The judge further emphasized the lack of proof of defendants soliciting business from plaintiff or from any other New Jersey customers. On the whole, he concluded that defendants did not have enough contacts in New Jersey to justify the court's exercise of jurisdiction over them.

The applicable law is well established. Our State courts may exercise jurisdiction over a non-resident defendant to the maximum extent permitted by the United States Constitution. Nicastro v. McIntyre Mach. Am., Ltd., 201 N.J. 48, 72 (2010); Avdel Corp. v. Mecure, 58 N.J. 264, 268 (1971); see also R. 4:4-4. Under the federal Due Process Clause, "in order to subject a defendant to a judgment in personam, if he be not present within the territory of the forum, he [must] have certain minimum contacts with it[.]" Int'l Shoe Co. v. Washington, 326 U.S. 310, 316, 66 S.Ct. 154, 158, 90 L.Ed. 95, 102 (1945). In addition, the minimum contacts must be of a nature and extent "such that the maintenance of the suit does not offend 'traditional notions of fair play and substantial justice.'" Ibid. (quoting Milliken v. Meyer, 311 U.S. 457, 463, 61 S.Ct. 339, 343, 85 L.Ed. 278, 283 (1940)); see also Hanson v. Denckla, 357 U.S. 235, 251, 78 S.Ct. 1228, 1238, 2 L.Ed. 2d 1283, 1296 (1958); McGee v. Int'l Life Ins. Co., 355 U.S. 220, 222, 78 S.Ct. 199, 200-01, 2 L.Ed. 2d 223, 225-26 (1957).

In the present case, plaintiff invokes a "specific" jurisdictional nexus arising out of the subject matter of the litigation, rather than asserting that this State has "general" jurisdiction over defendants by virtue of any "'continuous and substantial' contacts with the forum." Jacobs v. Walt Disney World Co., 309 N.J. Super. 443, 452 (App. Div. 1998) (quoting Accura Zeisel Mach. Corp. v. Timco, Inc., 305 N.J. Super. 559, 565 (App. Div. 1997)); see also Helicopteros Nacionales de Colom., S.A. v. Hall, 466 U.S. 408, 414 n.9, 104 S.Ct. 1868, 1872 n.9, 80 L.Ed. 2d 404, 411 n.9 (1984) (concerning general jurisdiction). We therefore need not concern ourselves with whether Kenworthy travels to New Jersey for personal reasons, or whether he has regular interactions with persons in this State on matters unrelated to his appraisal profession.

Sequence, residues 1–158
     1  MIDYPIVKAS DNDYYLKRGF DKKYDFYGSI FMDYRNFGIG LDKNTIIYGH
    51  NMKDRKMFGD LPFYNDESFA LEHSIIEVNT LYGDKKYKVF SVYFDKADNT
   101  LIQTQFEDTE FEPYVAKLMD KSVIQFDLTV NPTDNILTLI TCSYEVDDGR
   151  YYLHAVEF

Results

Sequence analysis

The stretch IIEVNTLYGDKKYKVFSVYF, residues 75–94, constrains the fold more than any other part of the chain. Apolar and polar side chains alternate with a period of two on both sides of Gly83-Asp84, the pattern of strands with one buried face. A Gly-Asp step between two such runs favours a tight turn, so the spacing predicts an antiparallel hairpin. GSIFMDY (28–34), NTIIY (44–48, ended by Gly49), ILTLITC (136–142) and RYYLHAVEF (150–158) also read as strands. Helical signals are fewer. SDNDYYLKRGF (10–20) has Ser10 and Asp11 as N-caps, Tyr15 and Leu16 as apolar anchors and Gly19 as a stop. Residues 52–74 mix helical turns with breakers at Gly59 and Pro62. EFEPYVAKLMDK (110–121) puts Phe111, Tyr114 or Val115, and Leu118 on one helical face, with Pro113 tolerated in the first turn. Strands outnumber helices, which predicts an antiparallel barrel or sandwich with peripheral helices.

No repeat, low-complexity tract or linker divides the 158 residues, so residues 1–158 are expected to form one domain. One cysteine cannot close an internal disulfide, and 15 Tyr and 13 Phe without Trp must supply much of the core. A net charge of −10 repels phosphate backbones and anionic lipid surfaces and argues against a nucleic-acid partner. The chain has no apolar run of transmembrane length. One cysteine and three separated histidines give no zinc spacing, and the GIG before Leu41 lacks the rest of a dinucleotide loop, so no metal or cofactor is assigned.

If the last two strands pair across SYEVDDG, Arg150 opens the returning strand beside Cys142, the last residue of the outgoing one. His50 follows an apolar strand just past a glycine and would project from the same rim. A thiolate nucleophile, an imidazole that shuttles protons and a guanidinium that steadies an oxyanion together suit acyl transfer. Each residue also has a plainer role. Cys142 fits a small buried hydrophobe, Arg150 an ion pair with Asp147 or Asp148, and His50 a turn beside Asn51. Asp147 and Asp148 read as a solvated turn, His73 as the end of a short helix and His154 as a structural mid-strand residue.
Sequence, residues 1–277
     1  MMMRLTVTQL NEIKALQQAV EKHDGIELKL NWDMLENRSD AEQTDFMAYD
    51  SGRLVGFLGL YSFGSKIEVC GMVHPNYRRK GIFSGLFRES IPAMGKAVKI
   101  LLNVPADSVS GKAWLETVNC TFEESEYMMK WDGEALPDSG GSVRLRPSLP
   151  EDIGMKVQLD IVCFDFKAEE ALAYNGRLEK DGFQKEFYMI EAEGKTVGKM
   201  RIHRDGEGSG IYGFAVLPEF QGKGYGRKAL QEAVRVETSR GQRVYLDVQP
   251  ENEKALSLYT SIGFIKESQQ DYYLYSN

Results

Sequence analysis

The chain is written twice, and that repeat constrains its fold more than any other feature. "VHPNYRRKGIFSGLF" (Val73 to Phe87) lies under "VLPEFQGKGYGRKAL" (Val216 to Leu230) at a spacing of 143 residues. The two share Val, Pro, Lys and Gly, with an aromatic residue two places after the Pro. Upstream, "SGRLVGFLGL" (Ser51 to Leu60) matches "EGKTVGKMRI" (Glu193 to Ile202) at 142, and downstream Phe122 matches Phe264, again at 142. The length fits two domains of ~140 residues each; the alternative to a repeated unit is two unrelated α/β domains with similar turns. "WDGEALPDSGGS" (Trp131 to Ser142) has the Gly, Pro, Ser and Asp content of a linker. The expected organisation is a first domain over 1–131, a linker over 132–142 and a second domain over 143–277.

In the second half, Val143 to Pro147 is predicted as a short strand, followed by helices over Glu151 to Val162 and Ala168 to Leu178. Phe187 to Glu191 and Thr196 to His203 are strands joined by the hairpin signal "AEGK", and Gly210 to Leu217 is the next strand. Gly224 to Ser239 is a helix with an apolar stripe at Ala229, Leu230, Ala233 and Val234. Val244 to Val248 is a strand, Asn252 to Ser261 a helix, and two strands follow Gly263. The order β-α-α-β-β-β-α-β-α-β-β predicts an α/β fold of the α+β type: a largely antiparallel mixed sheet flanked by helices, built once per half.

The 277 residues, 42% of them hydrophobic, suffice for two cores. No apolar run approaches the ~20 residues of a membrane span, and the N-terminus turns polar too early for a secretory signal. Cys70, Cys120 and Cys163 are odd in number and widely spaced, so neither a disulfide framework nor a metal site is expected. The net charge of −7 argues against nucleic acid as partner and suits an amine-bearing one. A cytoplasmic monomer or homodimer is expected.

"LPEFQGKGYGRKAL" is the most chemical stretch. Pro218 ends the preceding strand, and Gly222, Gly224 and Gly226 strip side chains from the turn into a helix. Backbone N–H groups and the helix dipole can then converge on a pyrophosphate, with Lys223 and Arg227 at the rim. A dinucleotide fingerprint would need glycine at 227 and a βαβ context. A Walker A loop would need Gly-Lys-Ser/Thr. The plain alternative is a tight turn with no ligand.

When assessing the presence or absence of minimum contacts, the court's inquiry "'must focus on the relationship among the defendant, the forum, and the litigation.'" Bayway Ref. Co. v. State Utils., Inc., 333 N.J. Super. 420, 429 (App. Div.) (quoting Lebel v. Everglades Marina, Inc., 115 N.J. 317, 323 (1989)), certif. denied, 165 N.J. 605 (2000). "In determining whether the defendant's contacts are purposeful, a court must examine the defendant's 'conduct and connection' with the forum state and determine whether the defendant should 'reasonably anticipate being haled into court [in the forum state].'" Ibid. (quoting World-Wide Volkswagen Corp. v. Woodson, 444 U.S. 286, 297, 100 S.Ct. 559, 567, 62 L.Ed. 2d 490, 501 (1980)).

Furthermore, "the existence of minimum contacts turns on the presence or absence of intentional acts of the defendant to avail itself of some benefit of a forum state." Waste Management Inc. v. The Admiral Ins. Co., 138 N.J. 106, 126 (1994), cert. denied sub nom. WMX Techs. v. Canadian Gen. Ins. Co., 513 U.S. 1183, 115 S.Ct. 1175, 130 L.Ed. 2d 1128 (1995).